Registering GHC for Coverity SCAN
aseipp at pobox.com
Thu May 9 02:36:49 CEST 2013
On IRC today, Nicolas Trangez brought up the idea of registering GHC
for Coverity's SCAN project. SCAN is essentially a free service run by
Coverity, which runs their Static Analyzer on open source projects
('open source' being defined by OSI) and gives the results back to
developers. Coverity is widely regarded as having the absolute best
tool in the business for C codebases as it stands. The idea is to try
and rattle bugs out of the runtime system if possible.
I think this is a good idea, but it needs some public discussion.
Namely, Coverity requires an official Point of Contact within the
project (maintainer/author/governing body) to register the project in
their name. We are left up to determine who this is and verify it. Bug
reports which are found are not also made public, as they could be
potentially serious security vulnerabilities.*
So, if done, this is a rather piece-by-piece project which requires a
bit of commitment, because it will require the registree to not only
assess the bugs, but sensibly move them into the issue tracker or fix
It's also a question of whether it's worth it. Personally, I think it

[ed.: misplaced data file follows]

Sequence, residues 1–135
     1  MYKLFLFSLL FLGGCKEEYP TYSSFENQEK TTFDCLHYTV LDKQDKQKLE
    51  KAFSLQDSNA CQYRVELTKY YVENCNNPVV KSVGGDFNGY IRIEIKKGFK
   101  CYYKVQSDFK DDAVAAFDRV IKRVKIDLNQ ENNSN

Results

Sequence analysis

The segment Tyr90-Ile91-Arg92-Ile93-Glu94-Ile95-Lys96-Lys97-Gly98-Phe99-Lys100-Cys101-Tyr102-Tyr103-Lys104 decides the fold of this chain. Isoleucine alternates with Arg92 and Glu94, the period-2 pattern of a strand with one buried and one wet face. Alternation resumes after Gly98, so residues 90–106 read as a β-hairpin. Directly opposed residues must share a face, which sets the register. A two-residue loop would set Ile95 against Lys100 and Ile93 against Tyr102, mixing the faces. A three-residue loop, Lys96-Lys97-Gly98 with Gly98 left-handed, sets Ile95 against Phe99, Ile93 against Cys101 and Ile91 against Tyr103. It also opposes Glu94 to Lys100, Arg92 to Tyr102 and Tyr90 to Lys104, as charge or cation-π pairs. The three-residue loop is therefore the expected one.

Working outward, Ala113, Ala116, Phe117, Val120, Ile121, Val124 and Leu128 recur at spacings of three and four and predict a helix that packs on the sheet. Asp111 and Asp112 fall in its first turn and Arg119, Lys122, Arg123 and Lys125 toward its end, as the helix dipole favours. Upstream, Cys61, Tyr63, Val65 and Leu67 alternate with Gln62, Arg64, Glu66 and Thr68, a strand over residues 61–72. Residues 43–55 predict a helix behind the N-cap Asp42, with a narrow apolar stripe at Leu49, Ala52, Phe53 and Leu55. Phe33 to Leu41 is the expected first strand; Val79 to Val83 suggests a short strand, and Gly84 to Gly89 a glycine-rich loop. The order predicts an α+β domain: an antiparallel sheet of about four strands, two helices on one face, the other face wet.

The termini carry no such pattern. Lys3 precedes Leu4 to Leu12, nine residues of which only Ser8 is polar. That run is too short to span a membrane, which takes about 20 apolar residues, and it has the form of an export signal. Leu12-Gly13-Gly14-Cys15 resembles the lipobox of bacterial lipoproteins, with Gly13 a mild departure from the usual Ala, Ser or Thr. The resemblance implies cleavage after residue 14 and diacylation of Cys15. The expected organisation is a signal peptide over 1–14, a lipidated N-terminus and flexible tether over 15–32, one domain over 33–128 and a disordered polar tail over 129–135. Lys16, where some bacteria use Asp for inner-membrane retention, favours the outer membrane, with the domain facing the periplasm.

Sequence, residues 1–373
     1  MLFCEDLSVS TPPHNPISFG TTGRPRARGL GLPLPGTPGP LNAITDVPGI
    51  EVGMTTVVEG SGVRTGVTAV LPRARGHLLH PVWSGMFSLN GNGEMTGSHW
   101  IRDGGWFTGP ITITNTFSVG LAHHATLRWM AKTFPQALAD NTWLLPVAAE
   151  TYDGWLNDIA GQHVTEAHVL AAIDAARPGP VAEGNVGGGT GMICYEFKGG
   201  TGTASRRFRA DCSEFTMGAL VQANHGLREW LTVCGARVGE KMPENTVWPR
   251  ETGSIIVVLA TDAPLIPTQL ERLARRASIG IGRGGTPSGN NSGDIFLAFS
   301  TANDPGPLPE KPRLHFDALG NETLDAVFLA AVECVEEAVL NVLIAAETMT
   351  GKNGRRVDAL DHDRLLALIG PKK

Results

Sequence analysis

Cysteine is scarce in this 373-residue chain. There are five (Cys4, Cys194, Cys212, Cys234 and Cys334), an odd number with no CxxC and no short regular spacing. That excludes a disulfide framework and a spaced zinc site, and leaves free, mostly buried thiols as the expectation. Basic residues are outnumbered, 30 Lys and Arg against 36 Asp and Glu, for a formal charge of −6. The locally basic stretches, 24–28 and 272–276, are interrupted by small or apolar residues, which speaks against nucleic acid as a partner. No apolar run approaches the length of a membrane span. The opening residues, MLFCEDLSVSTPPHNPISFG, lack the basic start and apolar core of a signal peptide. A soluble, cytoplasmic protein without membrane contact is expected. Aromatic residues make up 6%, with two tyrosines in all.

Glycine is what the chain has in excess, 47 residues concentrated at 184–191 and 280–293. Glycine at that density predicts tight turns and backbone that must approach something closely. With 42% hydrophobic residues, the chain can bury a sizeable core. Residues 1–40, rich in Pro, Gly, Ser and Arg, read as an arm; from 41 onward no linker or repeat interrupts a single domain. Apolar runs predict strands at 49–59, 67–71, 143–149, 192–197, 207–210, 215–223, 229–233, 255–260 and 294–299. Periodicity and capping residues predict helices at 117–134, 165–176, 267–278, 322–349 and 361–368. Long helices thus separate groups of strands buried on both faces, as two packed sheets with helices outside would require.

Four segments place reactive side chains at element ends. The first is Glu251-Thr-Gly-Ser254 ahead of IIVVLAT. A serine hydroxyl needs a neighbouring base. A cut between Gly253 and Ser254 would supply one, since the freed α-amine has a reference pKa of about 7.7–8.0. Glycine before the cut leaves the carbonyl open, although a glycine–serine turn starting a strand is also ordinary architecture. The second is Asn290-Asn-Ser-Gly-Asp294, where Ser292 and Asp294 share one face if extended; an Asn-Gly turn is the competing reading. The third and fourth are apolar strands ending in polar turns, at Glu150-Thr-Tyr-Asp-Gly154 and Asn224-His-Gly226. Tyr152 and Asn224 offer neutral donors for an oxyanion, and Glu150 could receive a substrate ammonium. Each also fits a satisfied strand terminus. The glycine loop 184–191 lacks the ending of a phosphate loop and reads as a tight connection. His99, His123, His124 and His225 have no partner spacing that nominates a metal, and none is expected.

has the chance to uncover some real bugs. But the RTS is highly
unusual C code (by some standards) and it will probably require tuning
and patience to get tangible results. Bugs will also need to be
assessed by someone. False positives happen etc. This is the double
edged sword of static analysis.** Anyone who does it should be very
aware of this.
So, what do you all think? I'd particularly like input from Simon M
here since he's the primary author of the RTS, of course. :) And
anyone who does this will undoubtedly have to be in contact with him
to some degree, for all the aforementioned reasons.
If nobody else would step up for this, I would be interested in
contacting them if it seems worth it and giving it a shot.
* I think the chance of this in our case is very very low of course.
The cases we really care about for a safety perspective are
type-safety violations at the Haskell level, obviously. Nonetheless
this requires an individual who is committed to sifting through
reports and assessing them in a detailed way.
** Coverity at one point found out the hard way that more analysis is
not necessarily better, and people don't respond well to the results
sometimes. Or they're too complicated to explain. The following is a
great read: http://cacm.acm.org/magazines/2010/2/69354-a-few-billion-lines-of-code-later/fulltext
Austin - PGP: 4096R/0x91384671
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